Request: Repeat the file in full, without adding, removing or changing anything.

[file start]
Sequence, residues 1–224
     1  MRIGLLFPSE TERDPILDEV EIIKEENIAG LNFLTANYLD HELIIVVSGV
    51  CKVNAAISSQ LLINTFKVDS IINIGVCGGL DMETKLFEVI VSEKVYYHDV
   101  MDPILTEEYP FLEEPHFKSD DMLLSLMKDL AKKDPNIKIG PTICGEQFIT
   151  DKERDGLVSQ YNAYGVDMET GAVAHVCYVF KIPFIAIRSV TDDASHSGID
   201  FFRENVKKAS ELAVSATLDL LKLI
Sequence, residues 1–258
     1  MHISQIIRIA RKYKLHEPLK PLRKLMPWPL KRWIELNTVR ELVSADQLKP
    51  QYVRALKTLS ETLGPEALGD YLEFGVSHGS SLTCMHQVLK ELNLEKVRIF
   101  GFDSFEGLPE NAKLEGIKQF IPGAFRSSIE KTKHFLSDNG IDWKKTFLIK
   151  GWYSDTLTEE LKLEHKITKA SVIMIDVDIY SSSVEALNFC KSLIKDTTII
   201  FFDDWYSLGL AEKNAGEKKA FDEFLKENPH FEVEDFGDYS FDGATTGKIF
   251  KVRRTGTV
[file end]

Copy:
Sequence, residues 1–224
     1  MRIGLLFPSE TERDPILDEV EIIKEENIAG LNFLTANYLD HELIIVVSGV
    51  CKVNAAISSQ LLINTFKVDS IINIGVCGGL DMETKLFEVI VSEKVYYHDV
   101  MDPILTEEYP FLEEPHFKSD DMLLSLMKDL AKKDPNIKIG PTICGEQFIT
   151  DKERDGLVSQ YNAYGVDMET GAVAHVCYVF KIPFIAIRSV TDDASHSGID
   201  FFRENVKKAS ELAVSATLDL LKLI
Sequence, residues 1–258
     1  MHISQIIRIA RKYKLHEPLK PLRKLMPWPL KRWIELNTVR ELVSADQLKP
    51  QYVRALKTLS ETLGPEALGD YLEFGVSHGS SLTCMHQVLK ELNLEKVRIF
   101  GFDSFEGLPE NAKLEGIKQF IPGAFRSSIE KTKHFLSDNG IDWKKTFLIK
   151  GWYSDTLTEE LKLEHKITKA SVIMIDVDIY SSSVEALNFC KSLIKDTTII
   201  FFDDWYSLGL AEKNAGEKKA FDEFLKENPH FEVEDFGDYS FDGATTGKIF
   251  KVRRTGTV